South Beach Skincare claims it has an age-defying skin care cream called: LifeCell.
Its website claims LifeCell is the only all-over anti-aging skin product.
The site tells you to use a camera and issues a “100% Proof-Positive” promise: watch wrinkles disappear and skin improve in 17 seconds.
I’ve investigated the claims to bring you a fuller understanding. Read on to see price, product reviews, company reviews, and ingredient research.
What Is The Price?
LifeCell retails for $189 at LifeCellSkin.com, South Beach Skincare’s site.
LifeCellSale.com and Amazon.com sell LifeCell for $194 and $189 respectively.
LifeCell is definitely expensive. That’s a huge blow to any bank account, but customers need to decide how desperate they are to find a skin remedy.
Who Makes LifeCell? Can You Trust The Company?
South Beach Skincare, located in Florida, creates LifeCell. Unfortunately, it has many negative reviews.
Many people order free trials and pay for shipping and handling, which is generally $1.25-$4.25. However, they are then charged $189, sometimes immediately, and lined up for $149 future payments. South Beach Skincare assures there is plenty of time to cancel and no hassle; However, many customers have found the opposite experience.
Here is just one comment detailing the experience below:
Customers can call 886-977-1412 to ask questions or cancel at any time. Read the terms and conditions fine print as you are finalizing your purchase, it is located on the checkout page.
What Do The Reviews Say?
LifeCell has mixed reviews. A lot of people say they love it and it worked for them, but many others say it didn’t work at all or it made a difference but wasn’t worth the money and the extra hassle of dealing with the company.
Here are two conflicting reviews below:
“This has to be one of the sorriest products I’ve ever tried (ok, I’ve tried a lot). I had better results from basic over-the-counter products at the drug store. The best results yet have been from an herbalist who concocted this amazing skin tightening cream that I continue to use. The worst part of this is the “image” of the standard product marketing approach of offering a sample they believe will sell again. This is NOT the case here. The sample is only a marketing ploy to suck you in and charge you dinero for dish soap. Crappy product. Misleading and deceptive marketing tactics. I can’t be more emphatic that you SHOULD NOT USE THIS JUNK!!” – V. Prewitt “Leadership Doctor”, Amazon.com
What Are The Ingredients?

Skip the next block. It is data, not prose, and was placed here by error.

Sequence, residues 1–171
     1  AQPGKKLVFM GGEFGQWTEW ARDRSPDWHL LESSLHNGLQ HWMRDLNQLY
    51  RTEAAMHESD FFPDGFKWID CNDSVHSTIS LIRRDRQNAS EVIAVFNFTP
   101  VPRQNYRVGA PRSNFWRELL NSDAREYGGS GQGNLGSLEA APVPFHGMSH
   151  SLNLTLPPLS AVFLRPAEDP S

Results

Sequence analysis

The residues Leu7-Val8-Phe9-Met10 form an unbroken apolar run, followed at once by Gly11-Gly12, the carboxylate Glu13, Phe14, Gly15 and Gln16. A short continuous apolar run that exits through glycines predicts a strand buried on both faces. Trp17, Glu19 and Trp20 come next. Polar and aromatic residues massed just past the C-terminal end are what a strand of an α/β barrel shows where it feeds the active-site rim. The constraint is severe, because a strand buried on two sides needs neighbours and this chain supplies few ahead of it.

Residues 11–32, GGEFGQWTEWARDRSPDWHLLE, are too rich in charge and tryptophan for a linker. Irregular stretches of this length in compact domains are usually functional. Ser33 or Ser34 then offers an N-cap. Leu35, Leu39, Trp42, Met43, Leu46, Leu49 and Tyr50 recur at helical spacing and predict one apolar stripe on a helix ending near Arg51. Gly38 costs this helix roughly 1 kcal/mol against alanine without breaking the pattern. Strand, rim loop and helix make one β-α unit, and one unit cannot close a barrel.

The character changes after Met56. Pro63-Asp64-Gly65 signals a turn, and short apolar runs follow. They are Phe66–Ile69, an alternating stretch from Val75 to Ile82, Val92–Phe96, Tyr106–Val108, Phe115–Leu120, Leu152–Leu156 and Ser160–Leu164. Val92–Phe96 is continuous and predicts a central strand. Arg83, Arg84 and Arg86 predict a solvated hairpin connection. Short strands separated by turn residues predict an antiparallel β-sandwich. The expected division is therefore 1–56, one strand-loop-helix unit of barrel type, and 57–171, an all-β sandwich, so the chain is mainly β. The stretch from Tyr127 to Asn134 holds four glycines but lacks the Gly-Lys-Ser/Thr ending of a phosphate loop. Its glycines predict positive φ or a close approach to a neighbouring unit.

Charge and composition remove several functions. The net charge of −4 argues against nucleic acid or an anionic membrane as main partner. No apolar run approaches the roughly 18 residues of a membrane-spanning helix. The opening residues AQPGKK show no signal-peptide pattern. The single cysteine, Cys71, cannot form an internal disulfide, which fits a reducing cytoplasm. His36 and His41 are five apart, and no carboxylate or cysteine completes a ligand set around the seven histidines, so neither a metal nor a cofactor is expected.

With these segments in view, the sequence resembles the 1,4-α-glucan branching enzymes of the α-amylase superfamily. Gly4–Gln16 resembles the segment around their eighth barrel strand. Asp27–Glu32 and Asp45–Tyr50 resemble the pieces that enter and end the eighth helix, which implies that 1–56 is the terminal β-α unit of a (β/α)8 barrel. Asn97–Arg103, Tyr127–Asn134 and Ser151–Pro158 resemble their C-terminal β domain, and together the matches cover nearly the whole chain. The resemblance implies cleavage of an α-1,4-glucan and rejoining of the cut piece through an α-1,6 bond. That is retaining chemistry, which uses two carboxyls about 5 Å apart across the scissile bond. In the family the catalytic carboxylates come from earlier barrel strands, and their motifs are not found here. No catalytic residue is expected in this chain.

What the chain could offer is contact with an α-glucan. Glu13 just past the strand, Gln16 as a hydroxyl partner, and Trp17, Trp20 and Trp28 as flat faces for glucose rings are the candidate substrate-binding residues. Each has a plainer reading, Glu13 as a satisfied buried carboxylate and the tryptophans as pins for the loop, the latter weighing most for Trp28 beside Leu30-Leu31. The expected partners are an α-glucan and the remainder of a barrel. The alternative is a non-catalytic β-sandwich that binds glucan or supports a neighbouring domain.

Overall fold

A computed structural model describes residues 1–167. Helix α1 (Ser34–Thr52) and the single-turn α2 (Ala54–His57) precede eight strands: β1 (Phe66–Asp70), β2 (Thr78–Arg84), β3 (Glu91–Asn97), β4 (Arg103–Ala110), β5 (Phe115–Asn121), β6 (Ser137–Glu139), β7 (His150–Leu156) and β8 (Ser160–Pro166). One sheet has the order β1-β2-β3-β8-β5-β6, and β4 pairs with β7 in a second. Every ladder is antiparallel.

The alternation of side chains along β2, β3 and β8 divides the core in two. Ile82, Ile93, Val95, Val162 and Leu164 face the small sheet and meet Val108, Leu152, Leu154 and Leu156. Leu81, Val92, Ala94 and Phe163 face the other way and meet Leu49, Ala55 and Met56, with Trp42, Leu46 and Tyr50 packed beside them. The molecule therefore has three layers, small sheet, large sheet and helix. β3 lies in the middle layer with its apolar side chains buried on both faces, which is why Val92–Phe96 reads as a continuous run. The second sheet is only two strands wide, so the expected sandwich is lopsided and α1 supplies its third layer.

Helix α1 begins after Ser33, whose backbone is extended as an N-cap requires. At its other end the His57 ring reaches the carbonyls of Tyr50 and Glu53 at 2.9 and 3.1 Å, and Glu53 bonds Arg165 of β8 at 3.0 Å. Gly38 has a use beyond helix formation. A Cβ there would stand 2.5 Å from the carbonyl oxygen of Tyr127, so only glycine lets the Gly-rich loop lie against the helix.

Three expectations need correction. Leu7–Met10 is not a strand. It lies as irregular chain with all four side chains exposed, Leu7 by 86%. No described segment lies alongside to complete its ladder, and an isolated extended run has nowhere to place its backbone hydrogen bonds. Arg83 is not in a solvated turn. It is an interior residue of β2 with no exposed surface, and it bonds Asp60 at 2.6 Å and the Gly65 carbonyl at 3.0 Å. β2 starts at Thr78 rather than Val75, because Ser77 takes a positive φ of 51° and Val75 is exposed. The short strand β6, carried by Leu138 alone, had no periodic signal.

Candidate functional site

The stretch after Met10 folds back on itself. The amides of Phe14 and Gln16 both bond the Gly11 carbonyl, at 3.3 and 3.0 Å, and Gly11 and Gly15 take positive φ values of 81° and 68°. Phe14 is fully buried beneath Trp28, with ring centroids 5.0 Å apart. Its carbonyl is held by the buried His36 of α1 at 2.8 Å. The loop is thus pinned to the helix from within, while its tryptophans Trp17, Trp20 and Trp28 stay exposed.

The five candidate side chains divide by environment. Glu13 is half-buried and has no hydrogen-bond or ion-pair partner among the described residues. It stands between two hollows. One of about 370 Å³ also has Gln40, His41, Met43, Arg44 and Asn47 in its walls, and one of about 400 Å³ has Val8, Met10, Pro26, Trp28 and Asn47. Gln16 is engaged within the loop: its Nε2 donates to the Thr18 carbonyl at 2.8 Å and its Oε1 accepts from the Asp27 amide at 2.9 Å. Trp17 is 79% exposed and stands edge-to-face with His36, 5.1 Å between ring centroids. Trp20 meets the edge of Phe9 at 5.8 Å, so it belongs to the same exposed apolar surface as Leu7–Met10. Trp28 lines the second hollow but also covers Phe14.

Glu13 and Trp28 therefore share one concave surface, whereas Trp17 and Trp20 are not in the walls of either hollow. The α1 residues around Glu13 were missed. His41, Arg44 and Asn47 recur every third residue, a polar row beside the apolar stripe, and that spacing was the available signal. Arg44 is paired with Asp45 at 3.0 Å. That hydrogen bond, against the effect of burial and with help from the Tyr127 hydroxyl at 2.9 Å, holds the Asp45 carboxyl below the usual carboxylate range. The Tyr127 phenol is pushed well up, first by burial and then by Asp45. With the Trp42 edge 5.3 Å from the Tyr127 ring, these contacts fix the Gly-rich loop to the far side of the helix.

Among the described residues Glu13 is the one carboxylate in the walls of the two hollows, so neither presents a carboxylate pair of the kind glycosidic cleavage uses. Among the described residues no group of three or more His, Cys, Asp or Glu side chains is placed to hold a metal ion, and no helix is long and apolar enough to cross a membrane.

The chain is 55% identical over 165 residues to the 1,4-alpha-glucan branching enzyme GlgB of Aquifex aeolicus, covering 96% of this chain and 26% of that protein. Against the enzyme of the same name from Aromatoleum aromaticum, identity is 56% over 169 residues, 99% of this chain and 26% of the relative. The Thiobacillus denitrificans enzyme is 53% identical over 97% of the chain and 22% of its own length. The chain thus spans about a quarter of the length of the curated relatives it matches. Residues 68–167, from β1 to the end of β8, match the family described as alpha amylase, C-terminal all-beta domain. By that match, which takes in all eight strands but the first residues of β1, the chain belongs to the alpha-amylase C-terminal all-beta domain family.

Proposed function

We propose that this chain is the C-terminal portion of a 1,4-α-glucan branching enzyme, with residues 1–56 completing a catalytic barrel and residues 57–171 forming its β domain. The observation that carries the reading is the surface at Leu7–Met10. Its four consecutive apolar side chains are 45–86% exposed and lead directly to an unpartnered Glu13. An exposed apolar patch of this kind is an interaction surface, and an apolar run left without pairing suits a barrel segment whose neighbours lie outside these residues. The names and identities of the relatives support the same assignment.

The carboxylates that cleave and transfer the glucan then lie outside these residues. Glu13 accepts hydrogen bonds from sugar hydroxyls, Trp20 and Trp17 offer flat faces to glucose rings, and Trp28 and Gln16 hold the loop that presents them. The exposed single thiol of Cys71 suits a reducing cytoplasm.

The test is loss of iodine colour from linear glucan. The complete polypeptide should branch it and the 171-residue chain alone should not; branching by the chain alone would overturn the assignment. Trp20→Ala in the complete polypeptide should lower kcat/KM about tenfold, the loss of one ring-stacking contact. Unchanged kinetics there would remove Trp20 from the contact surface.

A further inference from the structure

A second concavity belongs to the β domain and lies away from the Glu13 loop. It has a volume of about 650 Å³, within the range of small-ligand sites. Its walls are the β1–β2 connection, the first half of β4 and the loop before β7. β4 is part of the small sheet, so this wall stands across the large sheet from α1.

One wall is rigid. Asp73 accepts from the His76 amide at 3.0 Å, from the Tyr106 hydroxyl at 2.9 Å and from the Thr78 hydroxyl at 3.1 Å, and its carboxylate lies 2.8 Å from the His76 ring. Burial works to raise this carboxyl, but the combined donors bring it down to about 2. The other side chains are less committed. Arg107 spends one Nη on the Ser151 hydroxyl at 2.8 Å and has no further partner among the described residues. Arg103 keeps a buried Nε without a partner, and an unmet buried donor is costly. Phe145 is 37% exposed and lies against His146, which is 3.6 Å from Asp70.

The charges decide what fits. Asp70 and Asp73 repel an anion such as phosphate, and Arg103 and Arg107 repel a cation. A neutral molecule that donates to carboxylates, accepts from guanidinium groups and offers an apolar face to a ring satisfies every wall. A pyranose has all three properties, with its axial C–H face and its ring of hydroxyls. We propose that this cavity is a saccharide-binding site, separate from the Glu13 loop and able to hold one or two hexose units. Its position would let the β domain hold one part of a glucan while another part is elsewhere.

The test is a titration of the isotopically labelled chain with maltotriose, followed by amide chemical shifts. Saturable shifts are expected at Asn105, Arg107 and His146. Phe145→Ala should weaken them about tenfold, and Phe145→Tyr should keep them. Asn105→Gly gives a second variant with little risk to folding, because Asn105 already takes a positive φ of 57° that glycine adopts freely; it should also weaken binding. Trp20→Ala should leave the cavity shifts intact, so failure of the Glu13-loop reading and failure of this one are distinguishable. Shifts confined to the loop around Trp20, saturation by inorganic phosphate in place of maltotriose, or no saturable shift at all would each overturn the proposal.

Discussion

Here is a list of the ingredients in LifeCell:
Hyaluronic Acid. One study showed topical hyaluronic acid cream improved skin hydration and elasticity. Also, the lower the molecular weight, the more reduction of wrinkle depth. 
DMAE (Deanol). DMAE is the only documented ingredient found to increase skin firmness. One study concluded it contains firming elements and anti-inflammatory properties. 
Retinol (Vitamin A). Studies have proven retinol’s ability to treat hyper-pigmentation, fine lines and wrinkles, skin texture and tone, and hydration. 
Ubiquinone. Ubiquinone, or coenzyme Q10, is a powerful antioxidant. Studies show Q10 represses damage caused by UV exposure and reduces rough, dry skin and wrinkles. 
Ascorbyl Palmitate (Vitamin C). Some studies show ascorbyl palmitate protects cells from oxidative damage from free radicals and radiation.  However, one study states the opposite; ascorbyl palmitate may intensify skin damage due to UV radiation.  More research is needed to confirm results.
How Do You Use LifeCell?
Apply a small, dime-sized amount of LifeCell Cream to clean, dry skin. Use gentle dabbing motions, spreading a thin layer over the face.
Apply around eyes, forehead, cheeks, chin, and neck.
Use twice daily, morning and evening.
Should You Try LifeCell?
LifeCell seems to work for many people. Its ingredients are backed by clinical testing and studies showing effects on aging. However, its negative company reviews and inconsistent product reviews, make me question its effectiveness. Give it a try if the price isn’t a factor.
 Pavicic, T, GG Gauglitz, et al. “Efficacy of cream-based novel formulations of hyaluronic acid of different molecular weights in anti-wrinkle treatment.” Journal of Drugs in Dermatology. 10.9 (2011): 990-1000. http://www.ncbi.nlm.nih.gov/pubmed/22052267
 Grossman, R. “The role of dimethylaminoethanol in cosmetic dermatology.” American Journal of Clinical Dermatology. 6.1 (2005): 39-47. http://www.ncbi.nlm.nih.gov/pubmed/15675889
 The Cleveland Clinic Foundation. “Understanding the Ingredients in Skin Care Products.” 2011. ClevelandClinic.org. http://my.clevelandclinic.org/healthy_living/skin_care/hic_understanding_the_ingredients_in_skin_care_products.aspx
 Allemann, Bogdan; Baumann, L. “Antioxidants Used In Skin Care Formulations.” Cosmetic Medicine and Research Institute, Miller School of Medicine, University of Miami, Miami Beach, FL. 2008. Available at: http://www.skintherapyletter.com/2008/13.7/2.html
 Meves, A., Stock, S.N., Pittelkow, M.R., et al. “Vitamin C derivative ascorbyl palmitate promotes ultraviolet-B-induced lipid peroxidation and cytotoxicity in keratinocytes.” Journal of Investigative Dermatology. 2002. Available from: http://www.ncbi.nlm.nih.gov/pubmed/12445199